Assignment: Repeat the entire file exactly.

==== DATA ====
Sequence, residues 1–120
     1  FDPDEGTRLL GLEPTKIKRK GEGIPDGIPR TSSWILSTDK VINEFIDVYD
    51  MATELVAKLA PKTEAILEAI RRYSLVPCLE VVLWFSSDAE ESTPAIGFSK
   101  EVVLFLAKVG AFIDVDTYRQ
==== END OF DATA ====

Sequence, residues 1–120
     1  FDPDEGTRLL GLEPTKIKRK GEGIPDGIPR TSSWILSTDK VINEFIDVYD
    51  MATELVAKLA PKTEAILEAI RRYSLVPCLE VVLWFSSDAE ESTPAIGFSK
   101  EVVLFLAKVG AFIDVDTYRQ